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Curry

  • one year ago

Question with circuits

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  1. Curry
    • one year ago
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  2. Curry
    • one year ago
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    the answer is 4/3 - 27.7(cos20t - 56). I got the seccond part of the answer, but i can't figure out the 4/3.

  3. sidsiddhartha
    • one year ago
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    ok how did u proceed given \[\omega=20\\x_l=jwL=20*0.5j=10j\\x_c=\frac{ 1 }{ jw C }=\frac{ 1 }{ j.10*10^{-3}*20 }=-5j\] right?

  4. Curry
    • one year ago
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    Wait, i think i posted the wrong picture there.

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  5. Curry
    • one year ago
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    So that was the real question in concern. Um, I calculated Voc correctly. And I was trying to calculate Isc. So as soon as I short a,b, the 300ohm resistor is shorted. Ok.

  6. Curry
    • one year ago
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    But why is the dependant voltage source turned off? the answer they calculated for Rt was 236<-23j. The only way you get that answer is through the following method.

  7. Curry
    • one year ago
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    Find Voc, which is 1.97<-j23. And then divide by Isc, which would be 5/600. The only way Isc can equal 5/600 is if 300ohm is shorted, the dependant voltage source is turned off, and the capacitor is also shorted. Can a short really get rid of a voltage source and a capacitor? I thought it can only eliminate resistors?

  8. Curry
    • one year ago
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    @radar

  9. Curry
    • one year ago
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    @ybarrap

  10. ybarrap
    • one year ago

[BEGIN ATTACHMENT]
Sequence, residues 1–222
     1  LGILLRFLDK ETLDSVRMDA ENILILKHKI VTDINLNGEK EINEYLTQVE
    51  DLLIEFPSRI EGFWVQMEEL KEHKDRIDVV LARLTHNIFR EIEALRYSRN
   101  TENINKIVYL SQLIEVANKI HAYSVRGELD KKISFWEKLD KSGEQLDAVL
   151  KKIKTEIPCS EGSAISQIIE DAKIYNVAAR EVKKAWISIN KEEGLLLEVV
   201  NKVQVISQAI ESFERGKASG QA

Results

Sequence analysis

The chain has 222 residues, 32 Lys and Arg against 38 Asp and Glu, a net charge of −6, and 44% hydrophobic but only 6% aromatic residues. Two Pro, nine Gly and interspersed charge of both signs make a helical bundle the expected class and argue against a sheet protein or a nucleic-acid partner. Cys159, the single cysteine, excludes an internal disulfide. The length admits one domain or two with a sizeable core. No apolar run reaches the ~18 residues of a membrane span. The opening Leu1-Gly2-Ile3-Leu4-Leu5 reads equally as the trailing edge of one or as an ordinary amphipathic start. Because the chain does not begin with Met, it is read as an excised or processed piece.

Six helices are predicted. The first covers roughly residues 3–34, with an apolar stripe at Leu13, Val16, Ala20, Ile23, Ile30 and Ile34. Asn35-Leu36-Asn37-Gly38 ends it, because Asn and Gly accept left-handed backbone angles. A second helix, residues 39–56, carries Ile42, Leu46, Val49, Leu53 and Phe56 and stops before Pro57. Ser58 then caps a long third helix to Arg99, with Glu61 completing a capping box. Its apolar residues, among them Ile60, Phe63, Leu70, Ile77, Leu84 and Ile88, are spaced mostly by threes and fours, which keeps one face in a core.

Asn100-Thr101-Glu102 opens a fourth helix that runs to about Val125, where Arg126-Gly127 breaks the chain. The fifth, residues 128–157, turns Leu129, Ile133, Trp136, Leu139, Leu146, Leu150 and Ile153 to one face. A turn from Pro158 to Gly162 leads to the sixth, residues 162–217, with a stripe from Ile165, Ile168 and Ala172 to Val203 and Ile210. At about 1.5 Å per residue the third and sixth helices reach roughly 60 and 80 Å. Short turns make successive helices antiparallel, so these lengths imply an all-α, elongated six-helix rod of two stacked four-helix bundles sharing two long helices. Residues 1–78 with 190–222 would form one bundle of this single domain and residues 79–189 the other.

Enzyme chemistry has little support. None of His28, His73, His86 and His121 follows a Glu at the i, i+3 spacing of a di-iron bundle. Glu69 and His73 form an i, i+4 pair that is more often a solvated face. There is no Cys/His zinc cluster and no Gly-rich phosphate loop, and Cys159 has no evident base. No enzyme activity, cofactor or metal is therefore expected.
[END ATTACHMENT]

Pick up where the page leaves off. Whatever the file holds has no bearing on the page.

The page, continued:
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    I get the following equations for \(V_{oc}\). \(V_c\) is voltage at capacitor. $$ \cfrac{V_s-V_c}{600}+\cfrac{V_{oc}}{300}=\cfrac{V_c}{(1/j\omega C)}\\ -V_s+(V_s-V_c)-2V_c-V_{oc}=0 $$ Two equations, two unknowns, solvable. Next, \(i_{sc}\): $$ i_{sc}+\cfrac{V_s-V_c}{600}=\cfrac{V_c}{(1/j\omega C)} $$ $$ R_{th}=\cfrac{V_{oc}}{i_{sc}} $$ (Note my \(V_c\) is the same as "V" in your drawing)

  11. Curry
    • one year ago
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    hmm, your Isc is calculated wrong, i believe.

  12. ybarrap
    • one year ago
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    |dw:1433729454567:dw| You don't see it like this?

  13. Curry
    • one year ago
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    well yes, but wouldn't just laving the equation in that form cause a hole as to what Vc is? Because then we have 2 unknowns. Isc and Vc.

  14. ybarrap
    • one year ago
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    KVL reveals that Vc = 0: |dw:1433804815187:dw| So $$ i_{sc}= -\cfrac{V_s}{R} $$

  15. ybarrap
    • one year ago
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    Also note that since \(V_c=0\) that \(i_c=c\frac{dV_c}{dt}=0\) (i..e. open circuit), which means all the current goes through \(i_{sc}\).

  16. Curry
    • one year ago
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    Yes, i understand much better now, thank you!

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